Amiable with Big Teeth by Claude McKay:
Tasan was introduced to Diup Wuluff. Diup was a West African who had made several attempts to create an African theatre in Harlem by drawing upon his extensive knowledge of native African amusement patterns. But he had never tasted the sweet fruit of success with any of his ventures. He possessed original ideas of the native African scene but could not develop and clothe them properly to meet the exigencies of the modern American stage. He had staged impressive exhibtiions in obscure Harlem places. There were parts that came up heaving like the hulk of an elephant or sharp like the menacing horn of a furious rhinoceros, but they were never expertly welded together to make the whole of the performance a triumph. And apparently Diup could not or would not learn the sophisticated tricks.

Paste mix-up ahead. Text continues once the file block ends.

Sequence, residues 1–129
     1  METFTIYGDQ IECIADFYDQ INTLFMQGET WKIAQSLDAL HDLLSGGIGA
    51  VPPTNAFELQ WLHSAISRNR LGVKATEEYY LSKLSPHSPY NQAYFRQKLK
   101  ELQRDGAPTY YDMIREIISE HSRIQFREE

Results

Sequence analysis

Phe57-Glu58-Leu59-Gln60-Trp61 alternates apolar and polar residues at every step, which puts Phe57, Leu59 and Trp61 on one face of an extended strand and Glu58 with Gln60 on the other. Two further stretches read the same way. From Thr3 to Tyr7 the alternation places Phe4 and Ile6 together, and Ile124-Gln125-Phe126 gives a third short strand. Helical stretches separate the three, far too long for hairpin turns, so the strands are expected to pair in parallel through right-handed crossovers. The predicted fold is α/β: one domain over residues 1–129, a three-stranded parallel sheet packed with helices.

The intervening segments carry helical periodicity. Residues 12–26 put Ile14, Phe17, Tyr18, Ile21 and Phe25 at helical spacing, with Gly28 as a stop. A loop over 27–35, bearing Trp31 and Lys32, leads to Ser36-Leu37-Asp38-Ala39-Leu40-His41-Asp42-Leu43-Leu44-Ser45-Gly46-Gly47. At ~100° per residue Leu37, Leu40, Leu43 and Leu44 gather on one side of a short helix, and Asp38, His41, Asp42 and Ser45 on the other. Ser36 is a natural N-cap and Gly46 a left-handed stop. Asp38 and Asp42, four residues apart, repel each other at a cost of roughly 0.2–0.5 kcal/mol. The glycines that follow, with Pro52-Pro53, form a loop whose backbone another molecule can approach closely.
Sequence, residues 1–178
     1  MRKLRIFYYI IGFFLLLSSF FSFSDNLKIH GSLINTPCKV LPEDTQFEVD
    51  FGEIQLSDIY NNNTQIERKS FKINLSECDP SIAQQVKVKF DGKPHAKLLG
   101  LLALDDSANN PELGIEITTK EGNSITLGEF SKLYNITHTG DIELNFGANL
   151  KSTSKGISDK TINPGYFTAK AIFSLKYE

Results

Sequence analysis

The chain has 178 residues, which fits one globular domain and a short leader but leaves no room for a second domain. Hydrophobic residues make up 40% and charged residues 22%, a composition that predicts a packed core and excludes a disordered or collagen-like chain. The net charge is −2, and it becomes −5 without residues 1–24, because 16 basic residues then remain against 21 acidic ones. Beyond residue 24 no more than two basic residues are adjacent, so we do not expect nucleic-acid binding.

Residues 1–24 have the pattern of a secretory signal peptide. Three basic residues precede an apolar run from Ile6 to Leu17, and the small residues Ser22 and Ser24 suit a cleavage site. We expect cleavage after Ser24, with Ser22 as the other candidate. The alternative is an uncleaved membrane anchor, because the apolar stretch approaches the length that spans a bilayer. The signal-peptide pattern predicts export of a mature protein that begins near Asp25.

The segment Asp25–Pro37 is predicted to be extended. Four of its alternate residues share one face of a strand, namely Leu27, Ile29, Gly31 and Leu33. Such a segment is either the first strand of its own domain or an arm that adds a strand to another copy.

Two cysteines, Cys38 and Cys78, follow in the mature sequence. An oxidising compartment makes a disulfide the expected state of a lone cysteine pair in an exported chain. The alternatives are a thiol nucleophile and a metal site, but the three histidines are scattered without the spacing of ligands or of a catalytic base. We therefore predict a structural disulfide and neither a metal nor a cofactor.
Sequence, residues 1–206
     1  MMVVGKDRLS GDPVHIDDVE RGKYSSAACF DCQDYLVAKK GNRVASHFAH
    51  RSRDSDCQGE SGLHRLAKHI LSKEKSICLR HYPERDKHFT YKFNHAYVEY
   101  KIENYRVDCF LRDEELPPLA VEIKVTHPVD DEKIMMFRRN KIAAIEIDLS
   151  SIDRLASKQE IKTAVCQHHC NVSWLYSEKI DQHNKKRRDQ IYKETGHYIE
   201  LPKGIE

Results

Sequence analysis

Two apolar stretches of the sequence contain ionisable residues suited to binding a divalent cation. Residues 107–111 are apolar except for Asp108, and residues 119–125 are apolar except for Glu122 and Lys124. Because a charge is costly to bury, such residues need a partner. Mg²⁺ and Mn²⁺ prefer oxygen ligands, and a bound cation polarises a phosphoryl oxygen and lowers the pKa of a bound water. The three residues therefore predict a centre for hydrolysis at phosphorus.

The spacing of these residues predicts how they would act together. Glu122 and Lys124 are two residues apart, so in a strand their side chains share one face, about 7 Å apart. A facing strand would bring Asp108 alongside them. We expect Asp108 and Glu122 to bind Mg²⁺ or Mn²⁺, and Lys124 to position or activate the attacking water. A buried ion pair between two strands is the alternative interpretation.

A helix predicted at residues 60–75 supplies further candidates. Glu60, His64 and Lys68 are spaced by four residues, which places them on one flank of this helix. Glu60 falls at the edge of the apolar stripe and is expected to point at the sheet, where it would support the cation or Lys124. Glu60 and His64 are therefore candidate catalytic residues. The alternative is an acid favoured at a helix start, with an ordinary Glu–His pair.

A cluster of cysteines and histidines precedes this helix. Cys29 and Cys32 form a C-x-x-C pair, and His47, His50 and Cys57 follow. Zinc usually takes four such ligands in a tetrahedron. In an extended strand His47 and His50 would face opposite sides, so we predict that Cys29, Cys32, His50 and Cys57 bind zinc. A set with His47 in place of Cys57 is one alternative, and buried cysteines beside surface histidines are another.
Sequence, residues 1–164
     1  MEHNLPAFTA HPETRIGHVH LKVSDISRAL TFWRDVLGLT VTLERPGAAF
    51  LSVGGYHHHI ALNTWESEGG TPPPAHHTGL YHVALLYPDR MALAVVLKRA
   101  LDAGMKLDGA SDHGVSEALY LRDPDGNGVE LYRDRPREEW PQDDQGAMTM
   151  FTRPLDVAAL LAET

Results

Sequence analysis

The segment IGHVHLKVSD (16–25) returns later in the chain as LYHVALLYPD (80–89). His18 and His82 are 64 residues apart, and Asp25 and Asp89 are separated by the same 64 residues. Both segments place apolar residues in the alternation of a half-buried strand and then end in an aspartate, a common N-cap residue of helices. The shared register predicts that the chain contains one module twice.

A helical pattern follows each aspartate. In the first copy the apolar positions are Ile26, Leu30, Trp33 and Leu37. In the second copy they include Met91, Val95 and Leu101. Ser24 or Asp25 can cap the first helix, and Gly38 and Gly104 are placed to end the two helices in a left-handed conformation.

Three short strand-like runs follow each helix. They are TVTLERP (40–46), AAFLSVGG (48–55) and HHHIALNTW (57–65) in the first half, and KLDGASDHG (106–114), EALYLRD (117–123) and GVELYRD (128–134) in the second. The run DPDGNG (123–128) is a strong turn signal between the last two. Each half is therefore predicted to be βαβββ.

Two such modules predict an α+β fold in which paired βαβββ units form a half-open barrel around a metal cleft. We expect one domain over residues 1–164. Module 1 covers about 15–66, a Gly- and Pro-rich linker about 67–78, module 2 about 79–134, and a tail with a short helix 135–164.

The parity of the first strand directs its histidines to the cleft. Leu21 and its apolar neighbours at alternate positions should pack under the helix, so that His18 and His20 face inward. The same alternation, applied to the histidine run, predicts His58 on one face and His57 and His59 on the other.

When Maxim Tasan made contact with Diup, the latter was destitute and willing to sell his talents for any fee. He supplied Tasan with details of the various native African pastimes. And one above all fascinated Tasan—the Society of African Leopard Men. Tasan thought that nothing could be more original than staging a leopard dance in Harlem. Harlem had witnessed many curiously native African things: dances of African masks, fetishers and medicine men in an orgy of supernatural manifestations, totem-taboo extravangazas, festivals of circumcision, and rituals of obscure primitive phallicisms. But Harlem had never had a leopard dance. And that was Maxim Tasan’s choice.
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